Griffiths C E, Clark C M, Chalmers R J, Li Wan Po A, Williams H C. A systematic review of treatments for severe psoriasis. Health Technology Assessment 2000;4(40):1-125.

Indexing Status

Subject indexing assigned by NLM

MeSH

Antibodies, Monoclonal /therapeutic use; Antibodies, Monoclonal, Humanized; Antirheumatic Agents /therapeutic use; Biological Products /therapeutic use; Humans; Immunosuppressive Agents /therapeutic use; PUVA Therapy; Practice Guidelines as Topic; Psoriasis /drug therapy /therapy; Randomized Controlled Trials as Topic; Treatment Outcome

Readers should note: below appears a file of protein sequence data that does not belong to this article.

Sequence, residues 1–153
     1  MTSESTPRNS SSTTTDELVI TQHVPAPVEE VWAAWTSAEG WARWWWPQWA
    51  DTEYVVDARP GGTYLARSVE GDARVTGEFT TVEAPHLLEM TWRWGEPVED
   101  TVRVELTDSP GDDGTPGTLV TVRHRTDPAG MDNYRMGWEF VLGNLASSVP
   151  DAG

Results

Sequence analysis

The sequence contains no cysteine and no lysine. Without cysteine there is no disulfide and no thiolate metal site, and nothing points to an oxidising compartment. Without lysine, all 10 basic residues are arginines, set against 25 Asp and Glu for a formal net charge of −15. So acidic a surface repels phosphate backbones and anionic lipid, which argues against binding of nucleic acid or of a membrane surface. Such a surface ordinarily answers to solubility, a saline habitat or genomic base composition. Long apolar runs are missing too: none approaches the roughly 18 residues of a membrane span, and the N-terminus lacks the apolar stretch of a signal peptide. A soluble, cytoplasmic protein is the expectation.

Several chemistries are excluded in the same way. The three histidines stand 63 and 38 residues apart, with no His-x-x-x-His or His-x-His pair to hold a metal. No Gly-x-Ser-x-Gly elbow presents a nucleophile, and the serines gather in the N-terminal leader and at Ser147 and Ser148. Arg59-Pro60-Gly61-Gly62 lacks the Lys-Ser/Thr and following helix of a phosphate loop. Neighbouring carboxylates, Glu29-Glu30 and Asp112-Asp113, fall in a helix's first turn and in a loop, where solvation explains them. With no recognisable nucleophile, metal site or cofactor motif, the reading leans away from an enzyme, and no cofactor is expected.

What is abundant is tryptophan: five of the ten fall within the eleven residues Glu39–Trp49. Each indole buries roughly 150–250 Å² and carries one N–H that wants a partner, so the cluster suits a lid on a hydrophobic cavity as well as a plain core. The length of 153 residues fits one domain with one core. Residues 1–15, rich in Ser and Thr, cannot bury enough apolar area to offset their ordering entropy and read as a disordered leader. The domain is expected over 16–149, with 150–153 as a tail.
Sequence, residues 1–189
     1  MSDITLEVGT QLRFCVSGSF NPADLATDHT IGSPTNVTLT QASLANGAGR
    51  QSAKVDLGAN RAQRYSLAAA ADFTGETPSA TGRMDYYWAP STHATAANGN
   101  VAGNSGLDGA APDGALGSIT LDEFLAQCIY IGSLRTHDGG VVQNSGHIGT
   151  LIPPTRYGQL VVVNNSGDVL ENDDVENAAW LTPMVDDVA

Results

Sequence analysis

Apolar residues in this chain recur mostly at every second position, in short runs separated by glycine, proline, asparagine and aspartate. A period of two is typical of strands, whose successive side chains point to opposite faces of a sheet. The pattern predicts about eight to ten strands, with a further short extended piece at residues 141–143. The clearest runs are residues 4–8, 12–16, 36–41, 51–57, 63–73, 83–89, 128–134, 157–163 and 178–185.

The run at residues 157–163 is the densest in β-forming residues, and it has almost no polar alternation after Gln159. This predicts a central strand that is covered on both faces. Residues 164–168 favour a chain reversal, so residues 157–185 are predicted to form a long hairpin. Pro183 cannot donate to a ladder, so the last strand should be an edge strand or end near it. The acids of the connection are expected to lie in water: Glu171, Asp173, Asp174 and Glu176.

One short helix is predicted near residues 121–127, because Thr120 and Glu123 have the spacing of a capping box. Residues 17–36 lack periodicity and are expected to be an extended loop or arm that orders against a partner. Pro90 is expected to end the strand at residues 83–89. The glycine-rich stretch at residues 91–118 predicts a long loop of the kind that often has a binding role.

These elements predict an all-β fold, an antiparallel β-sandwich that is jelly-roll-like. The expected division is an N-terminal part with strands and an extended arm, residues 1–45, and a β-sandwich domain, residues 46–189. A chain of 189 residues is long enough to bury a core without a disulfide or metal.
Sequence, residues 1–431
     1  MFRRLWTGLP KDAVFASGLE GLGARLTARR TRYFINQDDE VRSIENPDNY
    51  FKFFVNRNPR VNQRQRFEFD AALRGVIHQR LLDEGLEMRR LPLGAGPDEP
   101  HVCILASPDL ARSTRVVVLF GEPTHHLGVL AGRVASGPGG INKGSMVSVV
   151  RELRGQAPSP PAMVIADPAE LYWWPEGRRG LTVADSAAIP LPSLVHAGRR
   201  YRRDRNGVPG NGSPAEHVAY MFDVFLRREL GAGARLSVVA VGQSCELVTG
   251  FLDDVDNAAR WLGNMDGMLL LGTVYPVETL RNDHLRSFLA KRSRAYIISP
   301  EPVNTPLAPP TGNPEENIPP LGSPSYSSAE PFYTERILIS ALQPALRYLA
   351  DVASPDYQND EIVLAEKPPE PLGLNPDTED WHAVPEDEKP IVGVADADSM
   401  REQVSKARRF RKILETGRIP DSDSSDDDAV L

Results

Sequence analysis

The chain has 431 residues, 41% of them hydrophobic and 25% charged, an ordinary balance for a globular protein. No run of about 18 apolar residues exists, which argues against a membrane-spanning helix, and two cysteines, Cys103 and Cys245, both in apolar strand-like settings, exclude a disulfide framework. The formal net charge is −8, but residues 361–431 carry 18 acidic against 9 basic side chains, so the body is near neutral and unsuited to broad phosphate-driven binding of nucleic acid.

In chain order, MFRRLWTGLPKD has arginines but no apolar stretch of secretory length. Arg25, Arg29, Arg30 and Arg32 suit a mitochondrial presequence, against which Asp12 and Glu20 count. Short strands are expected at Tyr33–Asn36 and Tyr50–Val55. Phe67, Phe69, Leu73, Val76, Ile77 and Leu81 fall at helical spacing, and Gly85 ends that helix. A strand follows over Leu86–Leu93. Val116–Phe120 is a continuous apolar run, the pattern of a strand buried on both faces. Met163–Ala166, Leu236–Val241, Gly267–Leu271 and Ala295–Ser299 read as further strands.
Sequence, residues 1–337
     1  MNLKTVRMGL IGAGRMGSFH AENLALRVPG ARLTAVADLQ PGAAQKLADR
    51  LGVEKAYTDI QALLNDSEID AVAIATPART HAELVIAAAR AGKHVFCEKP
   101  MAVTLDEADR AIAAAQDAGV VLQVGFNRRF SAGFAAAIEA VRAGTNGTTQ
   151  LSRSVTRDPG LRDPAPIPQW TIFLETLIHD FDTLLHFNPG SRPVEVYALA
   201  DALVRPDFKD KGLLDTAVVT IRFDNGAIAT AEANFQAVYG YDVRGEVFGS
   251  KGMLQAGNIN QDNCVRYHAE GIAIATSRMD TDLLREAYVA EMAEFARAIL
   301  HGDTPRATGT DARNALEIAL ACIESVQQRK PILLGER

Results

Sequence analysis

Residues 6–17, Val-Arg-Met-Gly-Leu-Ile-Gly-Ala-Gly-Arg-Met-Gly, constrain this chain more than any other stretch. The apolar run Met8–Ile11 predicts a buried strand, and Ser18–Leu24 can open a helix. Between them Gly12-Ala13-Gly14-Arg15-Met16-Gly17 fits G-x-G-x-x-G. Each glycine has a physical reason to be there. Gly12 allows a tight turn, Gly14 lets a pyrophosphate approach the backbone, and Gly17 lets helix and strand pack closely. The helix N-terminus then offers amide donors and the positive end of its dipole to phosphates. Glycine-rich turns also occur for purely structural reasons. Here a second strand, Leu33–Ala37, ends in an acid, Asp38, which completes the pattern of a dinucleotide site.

AccessionNumber

12009100716

Database entry date

13/01/2010

Record Status

This is a critical abstract of a systematic review that meets the criteria for inclusion on DARE. Each critical abstract contains a brief summary of the review methods, results and conclusions followed by a detailed critical assessment on the reliability of the review and the conclusions drawn.

CRD has determined that this article meets the DARE scientific quality criteria for a systematic review.

Copyright © 2014 University of York.

PMID: 18627372